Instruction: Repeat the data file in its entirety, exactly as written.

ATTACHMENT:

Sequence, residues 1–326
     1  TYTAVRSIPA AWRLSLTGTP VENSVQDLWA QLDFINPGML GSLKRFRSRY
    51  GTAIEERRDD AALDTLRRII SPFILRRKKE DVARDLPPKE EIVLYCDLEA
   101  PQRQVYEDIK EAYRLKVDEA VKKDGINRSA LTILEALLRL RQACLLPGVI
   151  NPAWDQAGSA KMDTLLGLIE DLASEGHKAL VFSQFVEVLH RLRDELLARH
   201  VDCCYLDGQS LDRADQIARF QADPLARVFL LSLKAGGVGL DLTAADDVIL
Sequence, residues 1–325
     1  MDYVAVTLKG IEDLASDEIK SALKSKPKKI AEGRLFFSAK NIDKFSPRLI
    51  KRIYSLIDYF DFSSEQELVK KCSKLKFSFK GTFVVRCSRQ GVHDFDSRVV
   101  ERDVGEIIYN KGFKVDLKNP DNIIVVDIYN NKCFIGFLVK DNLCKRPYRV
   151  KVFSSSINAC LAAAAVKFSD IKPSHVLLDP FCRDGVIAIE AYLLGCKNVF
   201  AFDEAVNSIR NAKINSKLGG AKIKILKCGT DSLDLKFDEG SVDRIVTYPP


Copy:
Sequence, residues 1–326
     1  TYTAVRSIPA AWRLSLTGTP VENSVQDLWA QLDFINPGML GSLKRFRSRY
    51  GTAIEERRDD AALDTLRRII SPFILRRKKE DVARDLPPKE EIVLYCDLEA
   101  PQRQVYEDIK EAYRLKVDEA VKKDGINRSA LTILEALLRL RQACLLPGVI
   151  NPAWDQAGSA KMDTLLGLIE DLASEGHKAL VFSQFVEVLH RLRDELLARH
   201  VDCCYLDGQS LDRADQIARF QADPLARVFL LSLKAGGVGL DLTAADDVIL
Sequence, residues 1–325
     1  MDYVAVTLKG IEDLASDEIK SALKSKPKKI AEGRLFFSAK NIDKFSPRLI
    51  KRIYSLIDYF DFSSEQELVK KCSKLKFSFK GTFVVRCSRQ GVHDFDSRVV
   101  ERDVGEIIYN KGFKVDLKNP DNIIVVDIYN NKCFIGFLVK DNLCKRPYRV
   151  KVFSSSINAC LAAAAVKFSD IKPSHVLLDP FCRDGVIAIE AYLLGCKNVF
   201  AFDEAVNSIR NAKINSKLGG AKIKILKCGT DSLDLKFDEG SVDRIVTYPP